TRÀ VINH – The Cửu Long (Mekong) Delta province of Trà Vinh has earmarked VNĐ150 – 200 billion (US$6.6 – 8.7 million) for research into and adoption of processing technologies, especially for its key agricultural products, in 2021 – 25.
It will focus on creating hybrid plant and animal strains that can adapt to climate change, expanding production models that use high technology, bio-technology and organic methods to improve yield and quality, according to Lê Thành Ôi, director of the province Department of Science and Technology.
The research and use of technology would be linked with guaranteed sales of produce, he said.
The department has implemented three projects that used modern agricultural technologies in the first five months of the year.
They include growing a high-yield peanut variety on sand dunes in Trà Cú, Cầu Ngang and Duyên Hải districts, producing bio-products EMTV1 and EMTV2 and using them for breeding shrimp in Duyên Hải District and Duyên Hải Town, and growing honeydew melon in polyhouses equipped with drip irrigation system in Châu Thành District.
It has also worked with localities like Cầu Ngang District and Trà Vinh City for intercropping grapefruit and guava using efficient irrigation systems and growing clean watermelon in Cầu Ngang District and a fresh eating grape variety in combination with offering tourism services on a pilot basis in Trà Vinh City.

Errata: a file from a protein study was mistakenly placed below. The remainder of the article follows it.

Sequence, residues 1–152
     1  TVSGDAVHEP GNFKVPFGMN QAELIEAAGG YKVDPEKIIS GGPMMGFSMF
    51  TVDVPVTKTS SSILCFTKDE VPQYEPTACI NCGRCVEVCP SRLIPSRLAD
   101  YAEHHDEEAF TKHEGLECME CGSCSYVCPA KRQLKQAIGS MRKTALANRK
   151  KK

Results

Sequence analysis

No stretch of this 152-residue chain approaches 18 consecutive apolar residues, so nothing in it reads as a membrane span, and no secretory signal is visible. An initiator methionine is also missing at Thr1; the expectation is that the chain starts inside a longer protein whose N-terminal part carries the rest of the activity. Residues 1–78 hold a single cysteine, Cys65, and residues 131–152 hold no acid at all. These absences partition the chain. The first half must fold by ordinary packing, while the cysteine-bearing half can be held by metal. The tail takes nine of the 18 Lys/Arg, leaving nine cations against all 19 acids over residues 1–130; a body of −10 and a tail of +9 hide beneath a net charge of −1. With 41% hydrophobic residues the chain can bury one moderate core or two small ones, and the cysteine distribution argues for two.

It also plans a project to compare the efficiency of models to grow honeydew melon on the ground and on substrates in polyhouses.
Phạm Minh Truyền, director of the Department of Agriculture and Rural Development, said the province has more than 17,000ha of hi-tech farming areas, including 10,400ha of aquaculture and 7,000ha of rice, vegetables and fruits.
In hi-tech cultivation, farmers use advanced technologies such as automatic irrigation, nano fertilisers, net houses, hydroponic methods, net houses, tissue culture, and good agricultural practices (GAP) standards.
In aquaculture, farmers use modern facilities for breeding shrimp under intensive and super intensive farming models.
Truyền said the province planned to use 1,500ha of unproductive rice fields and 500ha of sugarcane fields to grow high-value crops or perennial trees or rotate between rice and aquatic species on the same fields this year.
In the first five months of the year more than 1,200ha of rice fields and more than 125ha of sugarcane farms have been converted, with farmers growing vegetables, coconut and fruits and breeding aquatic species.
Sugarcane farmers have struggled in recent years because of low prices, and the province encourages them to switch to other crops.
Trà Vinh is one of the delta’s coastal provinces and has been severely affected by saltwater intrusion in the dry season.
So local authorities have dissuaded farmers from growing rice in coastal areas and those without irrigation, and encouraged them to switch to other crops.
Farmers who grow vegetables, corn and watermelon have earned an average of VNĐ80 – 90 million ($3,500 – 3,900) per hectare per crop this year, according to the province Plant Protection and Cultivation Sub-department.
It has instructed farmers to adopt GAP standards to increase the competitiveness of their produce and incomes. – VNS